• Customer Complaint: Someone posts on the bank’s Facebook page that the bank is the best because it never charges ATM fees. However, in reality, the bank does charge fees but reimburses those customer accounts which meet certain criteria. The bank does not respond by posting correct information nor does it remove the message. Relying on the false information posted, a customer files a lawsuit for reimbursement for all the ATM fees she has paid on her account to date as well as for punitive damages.

Cyber/Network Extortion

  • A bank employee is terminated and feels he has been unjustly treated. In retaliation, he threatens to disseminate, via the Internet, confidential information accessed from the bank’s files prior to his departure unless a year’s salary is wired to a specified account.
  • A bank decides to terminate the contract with its Internet service provider due to concerns about the current provider’s financial stability. In dire straits, the provider announces that he has access to the bank’s systems and will wire out money unless the full contract is paid.

Business Interruption

A hacker enters a bank’s Web site to obtain information about account balances and, in order to cover his tracks, maliciously enters code that shuts down the Internet banking programs. The Web site is inoperable for 32 hours while the bank’s programmers attempt to rewrite, test and elevate new code. In the interim, the bank extends hours at its branches to accommodate those who typically bank online in the evenings and adds an extra teller at each location to handle additional traffic.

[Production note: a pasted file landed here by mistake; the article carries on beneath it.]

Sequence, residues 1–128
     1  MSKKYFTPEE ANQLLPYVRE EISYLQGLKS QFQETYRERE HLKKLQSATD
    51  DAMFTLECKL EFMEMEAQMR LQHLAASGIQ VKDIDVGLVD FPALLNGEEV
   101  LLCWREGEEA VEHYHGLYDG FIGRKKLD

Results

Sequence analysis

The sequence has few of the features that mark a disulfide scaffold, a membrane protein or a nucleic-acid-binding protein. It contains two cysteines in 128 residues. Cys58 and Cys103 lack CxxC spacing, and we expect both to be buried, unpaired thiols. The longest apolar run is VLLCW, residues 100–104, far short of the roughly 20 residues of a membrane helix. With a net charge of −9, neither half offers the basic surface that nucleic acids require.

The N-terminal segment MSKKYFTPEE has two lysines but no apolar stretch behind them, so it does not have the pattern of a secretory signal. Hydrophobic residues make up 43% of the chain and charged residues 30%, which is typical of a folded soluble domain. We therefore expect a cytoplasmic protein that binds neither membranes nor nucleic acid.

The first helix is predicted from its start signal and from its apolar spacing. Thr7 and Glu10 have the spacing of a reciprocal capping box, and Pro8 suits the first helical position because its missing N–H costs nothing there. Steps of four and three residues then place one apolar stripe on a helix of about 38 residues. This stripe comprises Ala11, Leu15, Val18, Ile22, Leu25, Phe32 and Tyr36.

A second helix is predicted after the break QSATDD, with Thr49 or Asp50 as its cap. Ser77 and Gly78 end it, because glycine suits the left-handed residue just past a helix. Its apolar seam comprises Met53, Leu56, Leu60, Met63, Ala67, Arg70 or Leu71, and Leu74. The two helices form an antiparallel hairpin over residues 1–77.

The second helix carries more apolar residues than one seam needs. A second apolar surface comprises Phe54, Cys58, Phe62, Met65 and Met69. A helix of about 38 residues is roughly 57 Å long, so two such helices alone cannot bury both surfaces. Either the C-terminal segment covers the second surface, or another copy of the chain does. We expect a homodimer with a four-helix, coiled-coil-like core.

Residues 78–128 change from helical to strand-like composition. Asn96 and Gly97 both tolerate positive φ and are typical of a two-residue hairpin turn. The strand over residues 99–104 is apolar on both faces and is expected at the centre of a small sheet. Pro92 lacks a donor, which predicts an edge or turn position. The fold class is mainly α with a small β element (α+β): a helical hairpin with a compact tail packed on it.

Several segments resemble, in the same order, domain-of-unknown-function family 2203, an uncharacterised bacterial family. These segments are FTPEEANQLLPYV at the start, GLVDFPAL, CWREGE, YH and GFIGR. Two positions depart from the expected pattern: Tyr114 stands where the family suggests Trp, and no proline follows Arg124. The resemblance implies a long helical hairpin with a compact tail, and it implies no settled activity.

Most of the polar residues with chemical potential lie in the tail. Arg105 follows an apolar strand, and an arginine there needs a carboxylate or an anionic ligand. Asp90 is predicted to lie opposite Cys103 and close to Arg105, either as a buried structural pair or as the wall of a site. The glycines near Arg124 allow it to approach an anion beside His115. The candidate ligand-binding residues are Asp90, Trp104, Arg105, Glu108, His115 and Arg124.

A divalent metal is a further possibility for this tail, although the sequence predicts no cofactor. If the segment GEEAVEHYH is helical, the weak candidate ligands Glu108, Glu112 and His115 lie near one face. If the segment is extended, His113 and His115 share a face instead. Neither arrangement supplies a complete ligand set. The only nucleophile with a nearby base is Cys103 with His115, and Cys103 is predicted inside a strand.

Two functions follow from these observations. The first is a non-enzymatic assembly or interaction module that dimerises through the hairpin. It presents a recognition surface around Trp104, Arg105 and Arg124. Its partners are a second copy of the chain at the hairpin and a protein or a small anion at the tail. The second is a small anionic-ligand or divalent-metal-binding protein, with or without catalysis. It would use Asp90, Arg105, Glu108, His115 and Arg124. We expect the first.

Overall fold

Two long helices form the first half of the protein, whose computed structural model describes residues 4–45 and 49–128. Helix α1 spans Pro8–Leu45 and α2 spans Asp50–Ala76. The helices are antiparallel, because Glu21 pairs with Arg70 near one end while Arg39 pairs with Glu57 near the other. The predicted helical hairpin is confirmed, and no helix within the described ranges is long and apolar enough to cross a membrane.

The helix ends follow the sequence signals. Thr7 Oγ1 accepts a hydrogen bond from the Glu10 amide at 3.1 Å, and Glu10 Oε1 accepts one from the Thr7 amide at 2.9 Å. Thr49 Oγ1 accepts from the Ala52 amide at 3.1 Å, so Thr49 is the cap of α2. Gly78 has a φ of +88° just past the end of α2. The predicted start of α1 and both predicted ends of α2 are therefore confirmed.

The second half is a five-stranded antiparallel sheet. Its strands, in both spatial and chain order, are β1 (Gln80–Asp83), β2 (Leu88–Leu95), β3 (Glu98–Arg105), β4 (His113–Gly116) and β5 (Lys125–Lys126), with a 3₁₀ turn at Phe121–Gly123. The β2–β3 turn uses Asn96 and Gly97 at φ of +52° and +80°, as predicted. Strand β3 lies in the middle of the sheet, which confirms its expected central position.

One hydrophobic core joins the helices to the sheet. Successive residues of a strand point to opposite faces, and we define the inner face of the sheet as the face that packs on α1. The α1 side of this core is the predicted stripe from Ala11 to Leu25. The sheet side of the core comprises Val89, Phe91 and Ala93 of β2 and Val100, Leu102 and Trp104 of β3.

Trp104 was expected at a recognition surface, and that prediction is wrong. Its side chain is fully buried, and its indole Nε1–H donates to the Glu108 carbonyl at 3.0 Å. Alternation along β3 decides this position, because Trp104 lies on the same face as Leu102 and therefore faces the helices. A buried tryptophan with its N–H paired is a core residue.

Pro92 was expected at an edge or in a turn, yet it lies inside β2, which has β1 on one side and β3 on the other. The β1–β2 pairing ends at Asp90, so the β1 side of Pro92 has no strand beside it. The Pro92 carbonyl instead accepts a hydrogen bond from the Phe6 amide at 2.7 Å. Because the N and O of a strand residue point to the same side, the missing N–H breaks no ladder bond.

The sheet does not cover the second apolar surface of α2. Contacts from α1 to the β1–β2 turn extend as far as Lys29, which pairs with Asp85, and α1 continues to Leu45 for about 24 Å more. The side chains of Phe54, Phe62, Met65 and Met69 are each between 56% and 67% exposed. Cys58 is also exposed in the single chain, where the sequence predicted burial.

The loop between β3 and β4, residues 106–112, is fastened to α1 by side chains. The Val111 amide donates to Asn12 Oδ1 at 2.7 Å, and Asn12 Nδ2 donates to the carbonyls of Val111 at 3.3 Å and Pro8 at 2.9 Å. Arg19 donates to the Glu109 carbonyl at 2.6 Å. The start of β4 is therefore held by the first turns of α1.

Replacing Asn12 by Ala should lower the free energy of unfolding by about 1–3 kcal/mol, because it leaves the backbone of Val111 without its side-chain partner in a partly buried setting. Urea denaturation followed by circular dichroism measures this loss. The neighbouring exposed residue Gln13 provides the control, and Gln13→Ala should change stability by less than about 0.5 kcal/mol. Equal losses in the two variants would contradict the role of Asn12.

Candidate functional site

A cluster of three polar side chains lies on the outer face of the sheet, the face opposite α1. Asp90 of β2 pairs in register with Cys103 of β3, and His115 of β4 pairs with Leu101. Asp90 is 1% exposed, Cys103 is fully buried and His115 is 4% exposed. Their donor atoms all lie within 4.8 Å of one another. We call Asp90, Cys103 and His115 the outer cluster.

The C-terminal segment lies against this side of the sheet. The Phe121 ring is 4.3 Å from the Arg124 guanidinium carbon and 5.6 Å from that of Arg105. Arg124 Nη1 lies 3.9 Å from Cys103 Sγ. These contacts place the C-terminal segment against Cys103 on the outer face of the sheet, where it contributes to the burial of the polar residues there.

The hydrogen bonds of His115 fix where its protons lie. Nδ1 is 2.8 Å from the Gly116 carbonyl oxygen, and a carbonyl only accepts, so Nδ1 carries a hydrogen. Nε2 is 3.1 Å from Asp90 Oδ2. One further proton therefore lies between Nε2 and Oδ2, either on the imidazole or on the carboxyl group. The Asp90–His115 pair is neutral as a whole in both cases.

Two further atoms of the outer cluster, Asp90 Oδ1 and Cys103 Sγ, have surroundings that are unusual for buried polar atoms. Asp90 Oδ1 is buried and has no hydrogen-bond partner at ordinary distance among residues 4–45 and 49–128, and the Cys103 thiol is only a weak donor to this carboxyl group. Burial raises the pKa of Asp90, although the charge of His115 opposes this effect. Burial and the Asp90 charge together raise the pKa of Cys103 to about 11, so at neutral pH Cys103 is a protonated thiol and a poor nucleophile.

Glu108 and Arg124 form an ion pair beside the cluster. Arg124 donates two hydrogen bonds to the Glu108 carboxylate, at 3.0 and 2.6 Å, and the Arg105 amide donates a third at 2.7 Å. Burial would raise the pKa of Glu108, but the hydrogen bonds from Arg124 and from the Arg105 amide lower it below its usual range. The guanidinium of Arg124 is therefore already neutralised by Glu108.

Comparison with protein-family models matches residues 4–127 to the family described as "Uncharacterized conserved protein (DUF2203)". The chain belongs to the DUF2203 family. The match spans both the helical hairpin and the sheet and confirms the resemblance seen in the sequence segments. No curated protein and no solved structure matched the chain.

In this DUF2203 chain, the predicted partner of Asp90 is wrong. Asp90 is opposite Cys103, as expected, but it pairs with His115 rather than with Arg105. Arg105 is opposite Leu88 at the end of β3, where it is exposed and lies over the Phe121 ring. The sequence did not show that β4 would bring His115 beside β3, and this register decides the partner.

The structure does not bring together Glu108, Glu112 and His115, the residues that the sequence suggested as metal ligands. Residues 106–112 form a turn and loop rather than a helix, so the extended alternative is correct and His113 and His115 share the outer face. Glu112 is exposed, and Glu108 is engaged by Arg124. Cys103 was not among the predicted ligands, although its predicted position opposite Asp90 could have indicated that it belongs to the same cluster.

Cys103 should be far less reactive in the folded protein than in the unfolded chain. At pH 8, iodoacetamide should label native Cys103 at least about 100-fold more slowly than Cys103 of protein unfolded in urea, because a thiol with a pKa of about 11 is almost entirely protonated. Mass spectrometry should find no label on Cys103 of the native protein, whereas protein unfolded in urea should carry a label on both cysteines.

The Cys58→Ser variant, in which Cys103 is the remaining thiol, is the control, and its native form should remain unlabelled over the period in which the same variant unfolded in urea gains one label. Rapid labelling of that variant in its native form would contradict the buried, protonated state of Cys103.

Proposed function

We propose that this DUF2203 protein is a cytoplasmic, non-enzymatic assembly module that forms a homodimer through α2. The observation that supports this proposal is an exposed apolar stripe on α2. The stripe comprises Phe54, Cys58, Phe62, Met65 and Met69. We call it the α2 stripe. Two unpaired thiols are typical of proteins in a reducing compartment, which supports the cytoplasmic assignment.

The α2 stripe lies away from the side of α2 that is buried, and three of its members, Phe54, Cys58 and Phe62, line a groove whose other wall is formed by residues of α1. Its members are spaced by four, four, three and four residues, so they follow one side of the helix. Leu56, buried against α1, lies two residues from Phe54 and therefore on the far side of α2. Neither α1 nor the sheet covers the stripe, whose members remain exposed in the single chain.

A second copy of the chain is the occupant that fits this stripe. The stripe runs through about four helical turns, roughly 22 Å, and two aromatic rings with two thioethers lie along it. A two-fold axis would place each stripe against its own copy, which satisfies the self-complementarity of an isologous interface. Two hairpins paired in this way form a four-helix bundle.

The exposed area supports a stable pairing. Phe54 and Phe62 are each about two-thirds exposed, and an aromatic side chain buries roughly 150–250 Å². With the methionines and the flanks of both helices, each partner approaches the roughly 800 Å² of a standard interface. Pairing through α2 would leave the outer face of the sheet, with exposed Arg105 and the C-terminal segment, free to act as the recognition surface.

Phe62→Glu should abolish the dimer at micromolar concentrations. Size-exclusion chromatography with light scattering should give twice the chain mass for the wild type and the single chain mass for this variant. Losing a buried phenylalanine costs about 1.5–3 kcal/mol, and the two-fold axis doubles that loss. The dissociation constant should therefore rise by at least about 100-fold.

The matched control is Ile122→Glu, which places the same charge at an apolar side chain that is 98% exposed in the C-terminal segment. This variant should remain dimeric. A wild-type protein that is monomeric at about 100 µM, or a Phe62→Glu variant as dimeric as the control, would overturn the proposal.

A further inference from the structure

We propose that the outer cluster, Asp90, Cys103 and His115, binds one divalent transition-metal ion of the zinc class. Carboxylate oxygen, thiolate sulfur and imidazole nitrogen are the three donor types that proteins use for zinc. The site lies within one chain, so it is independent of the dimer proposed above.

Liability Mitigation Expense

  • A bank has online trading capability on its Web site. On a particularly heavy trading day, the Web site “crashed” and was not accessible for two hours. News reports about the significant stock market rise referenced the inaccessibility of the bank’s Web site. A public relations consultant is hired to address the negative publicity.
  • In response to a security breach, a bank notified its customers, reissued debit cards to all cardholders who may be directly affected, and offered one year of credit monitoring services to enable customers to quickly identify possible fraud on their accounts.

Notwithstanding any language to the contrary, nothing contained herein constitutes nor is intended to constitute an offer, inducement, promise, or contract of any kind. All coverage descriptions and claims examples are provided for informational and educational purposes only and are not a representation as to coverage for any particular claim and are not represented to be error free. Coverage for any claim is determined upon the specific facts of the claim, the terms and conditions of the policy and applicable law. For details on the coverage provided by your specific contract of insurance, please refer to your policy. Coverage is subject to underwriting guidelines and may not be available in all states. Limits may be capped for underwriting reasons. Any links to any sites which are not originated by ABA Insurance Services Inc. (ABAIS) are provided only as a courtesy and are not intended to nor do they constitute an endorsement by ABAIS of the linked materials.